Tomorrow at 1:30 pm GMT, Uncle Sam will print its retail sales report for the month of December. Think you’re ready to trade the event? Here are a few points you should know first.
What happened last time?
- Headline reading: +0.2% vs. +0.1% expected, +1.1% in October
- Core reading: +0.2% as expected, 1.0% in October
Retail spending inched 0.2% higher in November after seeing an upwardly revised 1.1% growth in October. Excluding automobiles, gasoline, building materials and food services, spending had risen by 0.9% for the month. That’s more than the 0.4% uptick that many had expected!
Turns out, Americans took advantage of Black Friday discounts and lower fuel prices and bought furniture, electronics, and other goods.
The better-than-expected report was enough to offset slowdown concerns stirred by a weak manufacturing output printed a few days back. Unfortunately for the dollar, the report was also released on the last trading day of the week before the Fed made its last decision for the year.
If you recall, the Fed was widely expected to raise its rates at the time. But due to a combo of pressure from President Trump, weak domestic data, and signs of slowdown in other major economies, more than a few analysts had started to price in a less hawkish Fed in 2019.
The dollar ended up giving back a chunk of its intraday gains before the U.S. session close.
What are traders expecting this time?
- Headline reading: +0.1% expected vs. +0.2% previous
- Core reading: +0.1% expected vs. +0.2% previous
Remember that the U.S. Commerce Department wasn’t fully funded during the partial government shutdown in January, so we’re only seeing December’s numbers this week.
And as you can see, traders expect a bit of pullback from the rates of both the headline and core retail sales in December. Heck, the closely-watched “retail control” group, which is used in the GDP computations, is seen at 0.4%. That’s a step down from November’s 0.9% growth!
In any case, do leading indicators support the analysts’ lack of enthusiasm?
Total vehicle sales came in at 17.55 in December, which is slightly higher than the 17.49M figure seen in November.
ISM’s non-manufacturing PMI also showed optimism, as the survey mentioned “higher retail activity” and cited retail trade as one of the 16 industries reporting growth for the month.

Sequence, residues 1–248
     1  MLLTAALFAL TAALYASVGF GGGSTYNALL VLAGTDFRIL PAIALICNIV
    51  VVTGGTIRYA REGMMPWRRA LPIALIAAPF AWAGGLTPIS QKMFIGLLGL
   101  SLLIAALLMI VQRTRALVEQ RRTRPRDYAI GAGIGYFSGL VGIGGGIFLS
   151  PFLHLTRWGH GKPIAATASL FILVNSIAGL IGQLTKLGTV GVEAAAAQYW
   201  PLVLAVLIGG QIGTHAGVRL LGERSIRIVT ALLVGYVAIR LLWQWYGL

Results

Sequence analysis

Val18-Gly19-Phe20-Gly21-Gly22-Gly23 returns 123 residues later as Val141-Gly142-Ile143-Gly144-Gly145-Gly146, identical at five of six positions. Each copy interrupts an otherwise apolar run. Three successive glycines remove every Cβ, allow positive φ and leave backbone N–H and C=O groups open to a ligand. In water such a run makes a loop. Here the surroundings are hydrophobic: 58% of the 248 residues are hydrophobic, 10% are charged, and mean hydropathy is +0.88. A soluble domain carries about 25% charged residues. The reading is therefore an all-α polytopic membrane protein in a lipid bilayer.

And then there’s December’s jobs numbers, which showed the retail trade industry adding a net of 24,000 jobs for the month.
Markit’s manufacturing PMI was the only party-pooper, as it reported that the degree of positive sentiment among private sector firms had “dipped markedly,” and that new order growth had softened in December.
Will this week’s release influence USD?
Based on the leading indicators above, it looks like there’s a chance that we’ll see upside surprises in this week’s retail sales reports.
If this week’s retail sales numbers come in much better than markets had expected, then concerns over Uncle Sam’s growth will likely ease a bit. But if they show weak figures in December, then they will support the Fed’s less hawkish bias in 2019 and inspire talks of some slowdown in Uncle Sam’s growth.
Does this mean that you should set up your swing dollar trades ASAP? Not necessarily.
Remember that December’s positive release only influenced the dollar’s price action for a couple of hours. Because of more dominant market themes, the Greenback ended up losing its post-report gains by the end of the day.
This time around, it’s updates over the U.S.-China trade negotiations that we need to worry about. Word around is that the Donald is open to letting the March 1 trade truce deadline “slide for a while” if he sees that the U.S. and Chinese reps are close to making a deal.
Meanwhile, we’re still waiting to see if Trump signs the tentative federal spending deal that was negotiated between both sides of the aisle earlier this week. The Donald has shared that he’s “not happy” with the deal that omits the $5.7B wall funding that he demands, but that he also doesn’t think we’re going to see another partial shutdown by the end of the week.
For now, you could look into setting up your news trading plans and trade the dollar’s direct correlation with how good the retail sales numbers are. Just keep in mind that the investors’ initial reaction might not last especially if there are stronger economic themes at play.